Coloring October Pink for Breast Cancer Awareness

An estimated 268,600 women will be diagnosed with invasive breast cancer this year, and the illness will kill 41,760 women, according to the Susan G. Komen organization.

Through the efforts of many organizations to educate and increase awareness of breast cancer risk and prevention there has been significant improvement in early detection.  The Komen organization reports breast cancer mortality declined 40 percent in the United States from 1989-2016, and that makes efforts such as devoting October to breast cancer awareness important.

Recommendations for detecting breast cancer vary based on risk factors and age, but finding the disease early and getting treatment clearly lead to better outcomes.  The American Cancer Society says women and men who have their breast cancer found early are less likely to need the most aggressive treatments and more likely to be cured.

Personal risk assessments based on family and personal health history can help individuals get informed and talk to their doctor about risk factors for breast cancer.  Family Care Path offers MyLegacy, a genetic and hereditary health risk assessment, that uses proprietary algorithms developed by The Cleveland Clinic Genomic Medicine Institute to generate a cancer risk summary.  A family tree (pedigree) is also constructed and a customized summary of early identification and health management recommendations based on level of risk is provided.  If results indicate a high risk, our genetic counselors at CarePathConnect can provide telegenetic counseling to review appropriate next steps, including genetic testing, if desired.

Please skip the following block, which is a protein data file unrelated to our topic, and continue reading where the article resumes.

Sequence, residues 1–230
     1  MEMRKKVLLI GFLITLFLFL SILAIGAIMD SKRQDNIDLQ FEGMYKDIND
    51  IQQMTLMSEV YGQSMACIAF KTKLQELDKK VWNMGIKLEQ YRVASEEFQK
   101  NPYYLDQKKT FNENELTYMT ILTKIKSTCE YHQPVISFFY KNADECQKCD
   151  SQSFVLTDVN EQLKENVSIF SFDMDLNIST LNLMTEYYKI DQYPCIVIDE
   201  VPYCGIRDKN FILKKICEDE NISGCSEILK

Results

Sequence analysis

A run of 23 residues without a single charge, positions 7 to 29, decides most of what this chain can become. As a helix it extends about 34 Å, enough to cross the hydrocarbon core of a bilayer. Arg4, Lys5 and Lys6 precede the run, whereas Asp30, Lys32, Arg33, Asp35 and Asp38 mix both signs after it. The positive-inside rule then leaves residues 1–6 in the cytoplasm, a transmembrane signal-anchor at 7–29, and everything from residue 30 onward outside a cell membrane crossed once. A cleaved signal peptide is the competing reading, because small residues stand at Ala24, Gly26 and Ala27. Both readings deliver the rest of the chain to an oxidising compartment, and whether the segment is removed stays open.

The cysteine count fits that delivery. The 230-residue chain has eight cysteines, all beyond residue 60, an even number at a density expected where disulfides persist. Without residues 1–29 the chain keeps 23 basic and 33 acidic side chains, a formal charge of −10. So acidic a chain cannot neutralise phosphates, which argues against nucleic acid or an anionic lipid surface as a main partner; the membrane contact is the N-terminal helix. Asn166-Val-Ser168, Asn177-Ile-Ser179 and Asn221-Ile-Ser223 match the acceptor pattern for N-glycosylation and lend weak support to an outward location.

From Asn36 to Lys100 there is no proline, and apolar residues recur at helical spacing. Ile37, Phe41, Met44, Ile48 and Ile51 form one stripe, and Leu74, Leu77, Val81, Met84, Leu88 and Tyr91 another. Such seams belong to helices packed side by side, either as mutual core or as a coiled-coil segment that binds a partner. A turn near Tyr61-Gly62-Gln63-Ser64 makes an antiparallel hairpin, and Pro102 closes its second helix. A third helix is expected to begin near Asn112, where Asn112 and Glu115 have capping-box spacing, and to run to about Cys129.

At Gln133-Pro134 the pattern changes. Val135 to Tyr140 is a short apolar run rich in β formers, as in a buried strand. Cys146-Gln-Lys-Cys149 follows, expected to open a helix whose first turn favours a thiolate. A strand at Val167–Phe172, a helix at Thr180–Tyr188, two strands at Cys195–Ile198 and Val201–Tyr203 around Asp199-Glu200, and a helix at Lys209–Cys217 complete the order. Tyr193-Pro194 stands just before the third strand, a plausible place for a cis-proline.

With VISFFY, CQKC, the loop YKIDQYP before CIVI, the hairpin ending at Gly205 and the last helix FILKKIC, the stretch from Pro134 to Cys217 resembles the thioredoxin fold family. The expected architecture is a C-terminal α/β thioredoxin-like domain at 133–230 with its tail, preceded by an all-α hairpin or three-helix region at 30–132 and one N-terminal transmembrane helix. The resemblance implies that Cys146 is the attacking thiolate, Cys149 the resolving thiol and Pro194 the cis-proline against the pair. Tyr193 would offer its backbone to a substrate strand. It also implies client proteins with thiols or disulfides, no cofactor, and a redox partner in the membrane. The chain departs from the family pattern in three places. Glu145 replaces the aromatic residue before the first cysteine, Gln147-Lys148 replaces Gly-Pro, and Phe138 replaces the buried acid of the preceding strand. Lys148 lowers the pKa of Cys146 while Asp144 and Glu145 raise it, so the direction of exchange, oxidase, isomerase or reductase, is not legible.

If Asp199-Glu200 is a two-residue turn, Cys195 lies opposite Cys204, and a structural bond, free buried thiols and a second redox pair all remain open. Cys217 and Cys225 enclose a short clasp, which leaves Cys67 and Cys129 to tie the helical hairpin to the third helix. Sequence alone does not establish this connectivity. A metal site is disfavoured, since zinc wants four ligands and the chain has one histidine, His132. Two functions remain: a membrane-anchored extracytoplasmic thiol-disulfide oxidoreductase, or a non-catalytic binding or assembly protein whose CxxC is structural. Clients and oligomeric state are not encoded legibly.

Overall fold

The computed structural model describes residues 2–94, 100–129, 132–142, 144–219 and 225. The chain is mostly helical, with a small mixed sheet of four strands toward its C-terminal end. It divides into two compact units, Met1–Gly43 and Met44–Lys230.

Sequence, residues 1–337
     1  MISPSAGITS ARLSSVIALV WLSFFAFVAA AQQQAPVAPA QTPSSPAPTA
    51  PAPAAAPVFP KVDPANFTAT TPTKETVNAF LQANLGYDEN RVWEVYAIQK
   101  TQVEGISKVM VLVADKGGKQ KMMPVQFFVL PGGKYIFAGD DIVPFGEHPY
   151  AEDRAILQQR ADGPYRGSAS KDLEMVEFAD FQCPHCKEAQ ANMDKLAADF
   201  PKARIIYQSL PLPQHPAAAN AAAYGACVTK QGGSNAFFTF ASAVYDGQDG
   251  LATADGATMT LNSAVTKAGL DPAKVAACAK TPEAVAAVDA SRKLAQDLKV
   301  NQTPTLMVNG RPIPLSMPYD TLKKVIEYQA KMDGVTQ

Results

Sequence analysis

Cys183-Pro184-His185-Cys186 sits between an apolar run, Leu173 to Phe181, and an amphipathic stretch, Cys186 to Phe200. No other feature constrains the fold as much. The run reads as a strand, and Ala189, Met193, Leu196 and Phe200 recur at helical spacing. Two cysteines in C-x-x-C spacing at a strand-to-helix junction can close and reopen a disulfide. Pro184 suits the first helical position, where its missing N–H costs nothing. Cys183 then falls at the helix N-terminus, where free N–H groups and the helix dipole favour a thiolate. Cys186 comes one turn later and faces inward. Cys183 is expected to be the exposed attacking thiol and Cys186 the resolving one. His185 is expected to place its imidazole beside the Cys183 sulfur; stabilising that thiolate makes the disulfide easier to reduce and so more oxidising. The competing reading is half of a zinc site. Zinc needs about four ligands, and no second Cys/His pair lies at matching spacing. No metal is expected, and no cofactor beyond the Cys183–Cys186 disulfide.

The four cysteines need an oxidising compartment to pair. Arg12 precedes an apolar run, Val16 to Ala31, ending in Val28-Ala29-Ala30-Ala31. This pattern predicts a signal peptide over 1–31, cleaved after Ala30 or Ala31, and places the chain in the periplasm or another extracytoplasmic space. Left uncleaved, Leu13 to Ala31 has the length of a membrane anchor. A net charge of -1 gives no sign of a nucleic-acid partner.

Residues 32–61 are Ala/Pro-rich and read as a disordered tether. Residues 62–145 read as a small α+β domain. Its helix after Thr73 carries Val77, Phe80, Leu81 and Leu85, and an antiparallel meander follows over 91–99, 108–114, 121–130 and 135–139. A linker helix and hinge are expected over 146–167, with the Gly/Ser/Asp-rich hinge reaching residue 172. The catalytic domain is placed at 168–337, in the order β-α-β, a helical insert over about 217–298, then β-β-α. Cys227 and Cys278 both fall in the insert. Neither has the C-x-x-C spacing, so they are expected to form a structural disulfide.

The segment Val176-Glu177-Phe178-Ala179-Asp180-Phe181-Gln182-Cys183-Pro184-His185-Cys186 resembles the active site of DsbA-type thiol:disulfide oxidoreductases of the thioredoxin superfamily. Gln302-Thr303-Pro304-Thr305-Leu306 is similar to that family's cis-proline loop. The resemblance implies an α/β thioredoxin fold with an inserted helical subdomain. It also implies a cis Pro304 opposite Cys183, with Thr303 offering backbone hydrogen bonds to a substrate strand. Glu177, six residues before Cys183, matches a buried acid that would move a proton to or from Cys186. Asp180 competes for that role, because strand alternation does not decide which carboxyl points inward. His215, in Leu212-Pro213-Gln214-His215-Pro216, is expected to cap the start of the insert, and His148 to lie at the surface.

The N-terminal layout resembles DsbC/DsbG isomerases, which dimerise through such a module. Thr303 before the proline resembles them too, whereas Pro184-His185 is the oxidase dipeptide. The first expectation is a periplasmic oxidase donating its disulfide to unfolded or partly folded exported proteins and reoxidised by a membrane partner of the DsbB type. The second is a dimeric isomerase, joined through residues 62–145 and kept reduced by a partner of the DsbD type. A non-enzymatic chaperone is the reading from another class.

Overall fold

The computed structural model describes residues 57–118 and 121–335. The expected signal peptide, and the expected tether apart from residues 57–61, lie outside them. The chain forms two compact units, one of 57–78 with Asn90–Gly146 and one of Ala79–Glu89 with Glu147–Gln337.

“Knowledge is Power!” – Dr. Charis Eng

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